According to CNN health, the average person checks his or her phone 34 times a day.* As young people interested in entrepreneurship, I suspect many of us can easily check our smartphones 34 times in two hours. Turn your smartphone into a tool for success with these 10 helpful personal finance apps.
“Umbrella” Finance Management
These apps allow you to see everything from one central ‘switchboard,’ so you can manage budgets, debt, and spending across multiple accounts.
Mint.com – Free (Android and iOS)
Mint.com is an online service that allows you to securely manage all of your financial responsibilities from one place. First, make an account on mint.com and connect your accounts to their system. You can add budget categories like ‘Eating Out’ and set up ‘Goals,’ (such as ‘Save $2,000 for New Computer’). With the app, you can track your budget on-the-go (edit the budget through the website – the app is read-only). The Mint.com service boasts over 6 million users, and the app received glowing reviews from PC Magazine and Lifehacker. The website also advertises multiple security and encryption features built in to the service.
Pageonce – Free; Gold Membership $4.99/month (Android and iOS)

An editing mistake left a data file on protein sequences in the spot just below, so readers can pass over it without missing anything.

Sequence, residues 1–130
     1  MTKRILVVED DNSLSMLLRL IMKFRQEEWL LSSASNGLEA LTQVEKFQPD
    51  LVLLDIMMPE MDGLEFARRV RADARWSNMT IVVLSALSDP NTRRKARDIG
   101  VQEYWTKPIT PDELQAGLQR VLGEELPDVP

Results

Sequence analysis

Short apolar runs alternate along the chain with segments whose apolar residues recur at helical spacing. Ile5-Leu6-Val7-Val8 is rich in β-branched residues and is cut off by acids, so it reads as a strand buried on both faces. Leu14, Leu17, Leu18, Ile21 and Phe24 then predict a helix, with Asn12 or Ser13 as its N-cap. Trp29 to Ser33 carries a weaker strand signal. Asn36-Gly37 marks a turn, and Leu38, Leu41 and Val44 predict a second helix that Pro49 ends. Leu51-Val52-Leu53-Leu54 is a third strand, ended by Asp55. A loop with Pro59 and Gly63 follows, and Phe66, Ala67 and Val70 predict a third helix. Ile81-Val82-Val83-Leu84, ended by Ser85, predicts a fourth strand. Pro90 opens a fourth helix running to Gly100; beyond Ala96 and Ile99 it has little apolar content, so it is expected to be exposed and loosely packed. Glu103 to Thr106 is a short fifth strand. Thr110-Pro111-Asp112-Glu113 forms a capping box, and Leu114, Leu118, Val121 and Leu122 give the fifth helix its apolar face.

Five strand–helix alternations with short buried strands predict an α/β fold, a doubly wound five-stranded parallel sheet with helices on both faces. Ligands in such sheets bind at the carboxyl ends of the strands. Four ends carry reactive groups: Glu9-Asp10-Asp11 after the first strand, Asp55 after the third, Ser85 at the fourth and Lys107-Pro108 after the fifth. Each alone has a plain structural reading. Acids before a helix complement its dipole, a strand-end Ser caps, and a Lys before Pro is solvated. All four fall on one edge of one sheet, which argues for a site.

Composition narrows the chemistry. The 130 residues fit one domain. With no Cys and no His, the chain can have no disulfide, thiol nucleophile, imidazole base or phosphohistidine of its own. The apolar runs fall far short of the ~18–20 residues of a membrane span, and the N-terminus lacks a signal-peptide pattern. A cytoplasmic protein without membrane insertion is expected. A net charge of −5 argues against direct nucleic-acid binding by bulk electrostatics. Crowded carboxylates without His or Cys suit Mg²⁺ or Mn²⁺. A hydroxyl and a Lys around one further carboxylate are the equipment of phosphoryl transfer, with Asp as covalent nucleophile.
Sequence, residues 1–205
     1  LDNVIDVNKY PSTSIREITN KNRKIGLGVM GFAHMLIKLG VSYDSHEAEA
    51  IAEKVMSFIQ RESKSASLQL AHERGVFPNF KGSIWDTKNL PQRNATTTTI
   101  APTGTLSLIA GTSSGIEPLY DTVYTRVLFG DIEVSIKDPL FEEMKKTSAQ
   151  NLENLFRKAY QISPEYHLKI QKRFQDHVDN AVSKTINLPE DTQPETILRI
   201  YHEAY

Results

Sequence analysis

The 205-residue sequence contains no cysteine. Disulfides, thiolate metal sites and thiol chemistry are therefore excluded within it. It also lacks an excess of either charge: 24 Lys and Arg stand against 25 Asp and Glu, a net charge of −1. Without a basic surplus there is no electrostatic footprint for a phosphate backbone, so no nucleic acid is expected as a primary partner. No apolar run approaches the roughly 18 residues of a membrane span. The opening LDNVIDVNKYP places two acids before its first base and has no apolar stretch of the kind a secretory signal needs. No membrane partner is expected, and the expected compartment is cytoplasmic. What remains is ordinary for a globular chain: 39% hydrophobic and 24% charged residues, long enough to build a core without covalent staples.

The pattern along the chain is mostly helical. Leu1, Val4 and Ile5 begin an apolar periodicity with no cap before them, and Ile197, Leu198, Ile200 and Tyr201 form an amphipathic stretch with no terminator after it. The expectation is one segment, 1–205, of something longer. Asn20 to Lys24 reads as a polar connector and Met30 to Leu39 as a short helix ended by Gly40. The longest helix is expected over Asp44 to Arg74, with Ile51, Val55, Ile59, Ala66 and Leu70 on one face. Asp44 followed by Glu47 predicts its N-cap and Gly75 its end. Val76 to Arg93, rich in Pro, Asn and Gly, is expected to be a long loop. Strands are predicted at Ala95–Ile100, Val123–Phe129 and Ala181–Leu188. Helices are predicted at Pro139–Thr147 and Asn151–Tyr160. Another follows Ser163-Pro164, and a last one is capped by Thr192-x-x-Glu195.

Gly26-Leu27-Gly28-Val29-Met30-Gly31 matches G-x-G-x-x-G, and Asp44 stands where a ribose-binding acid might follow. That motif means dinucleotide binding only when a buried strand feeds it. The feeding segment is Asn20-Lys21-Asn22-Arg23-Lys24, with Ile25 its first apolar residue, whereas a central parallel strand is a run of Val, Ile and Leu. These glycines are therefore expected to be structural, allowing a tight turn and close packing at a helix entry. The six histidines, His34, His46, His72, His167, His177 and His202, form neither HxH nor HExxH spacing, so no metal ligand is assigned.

As the primary competitor of Mint.com, Pageonce also allows you to view your bills and balances across accounts from one secure ‘umbrella’ application. Access account statements, monitor investment portfolios, and even keep track of frequent flyer miles and rewards. Pageonce’s free app has an aesthetic, intuitive interface with similar functionality to the Mint app. For $4.99/month, the paid version (Pageonce Gold) lets you pay bills right from your phone with the push of a button. This feature is unique to the Gold version of Pageonce, and benefits those who just can’t wait to pay their bills.
(Note – Pageonce has just announced a plan to change the $4.99 Gold subscription to a pay-as-you-go service per transaction – this change is intended to make it simpler for new users to try out the premium service while grandfathering existing Gold users who do not wish to switch to the new plan.)
EasyMoney – $9.95 (Android)
Those who love graphs and charts will salivate over the android-only EasyMoney app. EasyMoney creates interactive graphs of budget growth and management over weeks, months and years. You can track multiple accounts as well as multiple currencies, and analyze spending on-the-go with a variety of visualizations. It also offers an app-specific locking passcode feature, so that only you can access your data.
Smaller-Scale Budget Management
These simpler tools specialize in quick, on-the-go checkups and edits for weekly and monthly budgets.
My Weekly Budget – $0.99 (iOS)
MWB is a fairly new app for iPhone. It’s very intuitive (it took me only a few moments before I felt like an expert) and takes virtually no effort to update. You enter purchases with descriptive labels, and the app keeps track of how much more you’ve allowed yourself to spend that week, as well as how much you’ve spent on each type of purchase (Gas, Food, etc.)
iWallet – $4.99 (iOS)